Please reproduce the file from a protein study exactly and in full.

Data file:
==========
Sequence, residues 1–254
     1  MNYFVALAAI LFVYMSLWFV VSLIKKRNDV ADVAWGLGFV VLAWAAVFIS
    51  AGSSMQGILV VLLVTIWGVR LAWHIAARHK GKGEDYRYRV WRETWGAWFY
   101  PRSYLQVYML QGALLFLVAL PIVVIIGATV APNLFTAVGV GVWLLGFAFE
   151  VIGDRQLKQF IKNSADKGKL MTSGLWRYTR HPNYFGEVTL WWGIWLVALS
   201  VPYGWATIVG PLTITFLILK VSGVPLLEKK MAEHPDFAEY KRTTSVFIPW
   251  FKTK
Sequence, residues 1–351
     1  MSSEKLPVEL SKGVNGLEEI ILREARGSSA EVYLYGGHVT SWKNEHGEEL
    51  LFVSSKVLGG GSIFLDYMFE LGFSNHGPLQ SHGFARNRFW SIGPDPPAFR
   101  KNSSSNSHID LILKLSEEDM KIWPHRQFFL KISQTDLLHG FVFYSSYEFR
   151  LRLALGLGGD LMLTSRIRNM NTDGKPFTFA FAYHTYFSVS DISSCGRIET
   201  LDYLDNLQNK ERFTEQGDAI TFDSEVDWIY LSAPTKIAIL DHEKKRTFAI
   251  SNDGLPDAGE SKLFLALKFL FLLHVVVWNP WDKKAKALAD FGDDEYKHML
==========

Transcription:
Sequence, residues 1–254
     1  MNYFVALAAI LFVYMSLWFV VSLIKKRNDV ADVAWGLGFV VLAWAAVFIS
    51  AGSSMQGILV VLLVTIWGVR LAWHIAARHK GKGEDYRYRV WRETWGAWFY
   101  PRSYLQVYML QGALLFLVAL PIVVIIGATV APNLFTAVGV GVWLLGFAFE
   151  VIGDRQLKQF IKNSADKGKL MTSGLWRYTR HPNYFGEVTL WWGIWLVALS
   201  VPYGWATIVG PLTITFLILK VSGVPLLEKK MAEHPDFAEY KRTTSVFIPW
   251  FKTK
Sequence, residues 1–351
     1  MSSEKLPVEL SKGVNGLEEI ILREARGSSA EVYLYGGHVT SWKNEHGEEL
    51  LFVSSKVLGG GSIFLDYMFE LGFSNHGPLQ SHGFARNRFW SIGPDPPAFR
   101  KNSSSNSHID LILKLSEEDM KIWPHRQFFL KISQTDLLHG FVFYSSYEFR
   151  LRLALGLGGD LMLTSRIRNM NTDGKPFTFA FAYHTYFSVS DISSCGRIET
   201  LDYLDNLQNK ERFTEQGDAI TFDSEVDWIY LSAPTKIAIL DHEKKRTFAI
   251  SNDGLPDAGE SKLFLALKFL FLLHVVVWNP WDKKAKALAD FGDDEYKHML